Wednesday, May 27, 2009

"Ireland my one, my only love, where Christ and Caesar are hand in glove" - James Joyce

Today I was reading the Irish Times letters on line all of which were about the Ryan report. The majority of the letters expressed a belief (shared I am sure by any sane person) that the abuse of children by the church, and allowed by the state, has no place in a civilised society and called for compensation to victims. However, a number of these letters also expressed the opinion that these abusers were only a handful and that the good work of the church within the schools and hospitals needs to be acknowledged. This is were I start to have a problem.

That emotional, physical and sexual abuse of children was carried out by a minority may be true but none of these abusers were working within a political or social vaccum. They were working alongside other religious and secular people who, while maybe not taking part in the abuse, were aware that it was going on. The very fact that these children were ALL to scared to tell someone and that nobody watching the abuse stepped forward to speak of it shows that the whole of Irish society is implicated in this scandal. One letter writer pointed out that the compensation to be given to victims will work out at €400 per taxpayer, and doesn't the Irish person get off lightly.

All I can hope is that the danger of allowing one ideological system to control a state will be remembered from this harsh lesson. That a huge number of children suffered, and still suffer today as adults, needs to be acknowledged but cannot be changed. These victims need to be given an opportunity to tell their stories and rather than becoming jaded Ireland needs to continue to be outraged from each new detail that is learned but what we then do with this new information and outrage will define us as a nation.

In my eyes there has never been a clearer argument for the separation of social services and the church. It is time or the state to take control of schooling, religious orders have proved that they have no place in education. If we do not learn from the mistakes of the past we will never learn at all. How right was Joyce?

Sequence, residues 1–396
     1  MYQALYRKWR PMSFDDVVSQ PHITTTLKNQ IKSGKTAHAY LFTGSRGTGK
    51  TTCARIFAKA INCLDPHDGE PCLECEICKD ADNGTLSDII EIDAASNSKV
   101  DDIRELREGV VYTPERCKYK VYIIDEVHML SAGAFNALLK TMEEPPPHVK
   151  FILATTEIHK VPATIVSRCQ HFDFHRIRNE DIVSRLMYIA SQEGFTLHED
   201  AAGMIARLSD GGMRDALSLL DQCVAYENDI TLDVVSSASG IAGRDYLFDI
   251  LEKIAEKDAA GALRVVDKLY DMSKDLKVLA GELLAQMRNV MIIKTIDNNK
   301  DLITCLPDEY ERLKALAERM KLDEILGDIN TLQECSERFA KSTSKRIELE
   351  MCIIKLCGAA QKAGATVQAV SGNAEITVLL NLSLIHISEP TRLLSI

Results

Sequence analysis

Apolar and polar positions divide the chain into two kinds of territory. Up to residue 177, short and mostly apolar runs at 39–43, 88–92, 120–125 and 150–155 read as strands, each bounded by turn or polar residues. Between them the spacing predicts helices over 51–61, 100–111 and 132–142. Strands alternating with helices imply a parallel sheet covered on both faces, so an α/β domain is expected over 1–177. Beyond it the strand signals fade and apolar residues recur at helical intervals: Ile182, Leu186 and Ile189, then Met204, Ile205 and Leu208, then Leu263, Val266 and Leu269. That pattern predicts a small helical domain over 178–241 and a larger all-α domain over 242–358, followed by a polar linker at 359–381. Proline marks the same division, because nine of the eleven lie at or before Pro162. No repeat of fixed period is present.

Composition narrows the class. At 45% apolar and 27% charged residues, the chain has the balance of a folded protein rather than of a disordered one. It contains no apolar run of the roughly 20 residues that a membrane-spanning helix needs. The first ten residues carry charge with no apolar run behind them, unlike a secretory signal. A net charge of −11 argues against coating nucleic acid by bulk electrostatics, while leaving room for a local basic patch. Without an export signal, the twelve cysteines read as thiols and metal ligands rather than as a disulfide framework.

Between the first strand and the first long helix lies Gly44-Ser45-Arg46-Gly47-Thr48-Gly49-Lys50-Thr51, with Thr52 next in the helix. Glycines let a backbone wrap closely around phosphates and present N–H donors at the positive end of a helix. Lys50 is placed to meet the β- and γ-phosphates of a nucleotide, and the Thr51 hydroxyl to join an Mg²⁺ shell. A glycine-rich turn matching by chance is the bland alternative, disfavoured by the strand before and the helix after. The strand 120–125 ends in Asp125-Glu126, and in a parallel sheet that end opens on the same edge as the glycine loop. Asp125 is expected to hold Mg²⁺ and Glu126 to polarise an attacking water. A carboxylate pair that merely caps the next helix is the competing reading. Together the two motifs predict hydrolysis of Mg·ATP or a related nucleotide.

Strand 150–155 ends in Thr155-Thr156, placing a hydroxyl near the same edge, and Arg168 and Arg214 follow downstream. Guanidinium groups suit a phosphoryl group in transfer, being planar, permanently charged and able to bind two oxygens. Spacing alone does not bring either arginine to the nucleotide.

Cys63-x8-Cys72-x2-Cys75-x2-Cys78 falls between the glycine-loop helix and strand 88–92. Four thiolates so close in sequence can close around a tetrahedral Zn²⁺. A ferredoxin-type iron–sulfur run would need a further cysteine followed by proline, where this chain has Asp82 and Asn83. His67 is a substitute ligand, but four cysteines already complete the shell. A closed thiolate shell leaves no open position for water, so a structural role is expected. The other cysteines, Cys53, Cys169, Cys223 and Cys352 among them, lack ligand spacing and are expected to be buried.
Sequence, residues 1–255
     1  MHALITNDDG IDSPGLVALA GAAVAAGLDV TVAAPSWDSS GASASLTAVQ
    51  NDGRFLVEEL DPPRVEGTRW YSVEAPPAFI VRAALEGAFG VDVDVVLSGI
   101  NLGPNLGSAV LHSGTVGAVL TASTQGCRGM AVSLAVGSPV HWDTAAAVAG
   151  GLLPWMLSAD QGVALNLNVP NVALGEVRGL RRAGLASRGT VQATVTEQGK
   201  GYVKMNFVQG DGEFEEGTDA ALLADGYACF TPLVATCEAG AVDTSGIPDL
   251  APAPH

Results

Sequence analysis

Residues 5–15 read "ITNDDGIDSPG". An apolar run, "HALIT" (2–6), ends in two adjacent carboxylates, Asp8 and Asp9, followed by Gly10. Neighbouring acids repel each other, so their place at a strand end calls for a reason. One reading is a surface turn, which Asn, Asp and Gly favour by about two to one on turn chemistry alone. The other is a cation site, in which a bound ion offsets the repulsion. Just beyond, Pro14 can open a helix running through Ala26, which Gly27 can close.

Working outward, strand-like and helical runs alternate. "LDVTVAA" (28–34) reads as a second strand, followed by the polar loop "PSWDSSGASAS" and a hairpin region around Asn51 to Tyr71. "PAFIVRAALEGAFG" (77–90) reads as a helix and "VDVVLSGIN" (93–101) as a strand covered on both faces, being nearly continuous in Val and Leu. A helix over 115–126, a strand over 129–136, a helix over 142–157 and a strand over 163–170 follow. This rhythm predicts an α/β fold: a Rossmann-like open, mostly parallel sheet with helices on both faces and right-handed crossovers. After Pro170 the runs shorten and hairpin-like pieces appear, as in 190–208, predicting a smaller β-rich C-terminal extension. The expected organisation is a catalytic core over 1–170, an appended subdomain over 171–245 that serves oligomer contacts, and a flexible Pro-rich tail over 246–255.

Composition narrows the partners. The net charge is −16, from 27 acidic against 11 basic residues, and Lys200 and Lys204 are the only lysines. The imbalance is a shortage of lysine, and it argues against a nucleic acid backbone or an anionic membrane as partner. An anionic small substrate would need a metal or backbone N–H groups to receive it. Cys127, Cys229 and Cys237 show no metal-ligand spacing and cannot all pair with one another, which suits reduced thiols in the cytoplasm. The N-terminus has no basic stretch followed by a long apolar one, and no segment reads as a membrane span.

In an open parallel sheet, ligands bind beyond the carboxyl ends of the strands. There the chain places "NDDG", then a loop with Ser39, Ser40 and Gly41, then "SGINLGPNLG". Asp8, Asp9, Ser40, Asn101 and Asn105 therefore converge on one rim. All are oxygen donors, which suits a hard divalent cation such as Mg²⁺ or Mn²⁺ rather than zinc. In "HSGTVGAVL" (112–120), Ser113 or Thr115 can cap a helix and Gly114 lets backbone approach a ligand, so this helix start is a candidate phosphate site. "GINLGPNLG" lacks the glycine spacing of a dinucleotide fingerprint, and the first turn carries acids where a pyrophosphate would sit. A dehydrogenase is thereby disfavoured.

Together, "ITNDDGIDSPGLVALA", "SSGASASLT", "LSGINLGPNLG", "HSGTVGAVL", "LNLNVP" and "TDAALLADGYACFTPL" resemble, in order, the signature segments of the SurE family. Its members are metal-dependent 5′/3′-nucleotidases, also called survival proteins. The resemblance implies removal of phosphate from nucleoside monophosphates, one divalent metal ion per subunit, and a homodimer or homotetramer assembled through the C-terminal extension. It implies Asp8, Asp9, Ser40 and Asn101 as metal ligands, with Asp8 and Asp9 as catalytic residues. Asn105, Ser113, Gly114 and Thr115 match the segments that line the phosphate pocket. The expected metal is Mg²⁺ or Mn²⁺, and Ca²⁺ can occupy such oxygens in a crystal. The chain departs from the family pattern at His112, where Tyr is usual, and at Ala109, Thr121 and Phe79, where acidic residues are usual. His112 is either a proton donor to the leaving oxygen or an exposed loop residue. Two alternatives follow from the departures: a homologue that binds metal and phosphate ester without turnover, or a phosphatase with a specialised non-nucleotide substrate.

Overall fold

Tuesday, May 26, 2009

Blasphemy or heresy

So...welcome all to my first blog post.

I was at a meeting last night and it got me to thinking that I had so many thoughts about this (and indeed other) matters that I should create a blog that would allow others access to my insane ramblings.

Basically for those of you who do not know...the minister Dermot Ahern so proposing a new blasphemy law to be introduced in the defamation bill as the old one cannot be used (something about the vague definition of blasphemy meaning that it cannot be used in court). The resulting discussion was very interesting and raised a few thoughts around the nature of blasphemy that I would like to share.

Basically what is blasphemy. It was suggested last night that the new law could be used by Christian extremists who wish to be martyred for their cause but how would a Christian go about blaspheming. To my way of thinking blasphemy would be using the name of God in vain, denying the existence of God or breaking an oath that had been sworn under God's name...what sort f Christian fundamentalist would be prepared to do any of these things. A really pretty bad one I would think.

On the other hand heresy is a different matter and one that every single believer and non-believer of religion is guilty of. Heresy is expressing a belief that is contrary to the dogma of a religion. If a Christian was to sat that Mohammad was not a prophet, that's heresy. If a Buddhist is to say that Jesus was not the son of God then that too is heresy.

Within the new bill blasphemy is described as “that is grossly abusive or insulting in relation to matters held sacred by any religion, thereby causing outrage among a substantial number of the adherents of that religion; and he or she intends, by the publication of the matter concerned, to cause such outrage.” This sounds more like heresy to me. If the minister suggested the intention to introduce a law against heresy people would be outraged but that is in essence what this law is. As well as being anti-freedom of speech this law would be a regression to the totalitarianism of the middle ages and a step away from enlightenment thinking.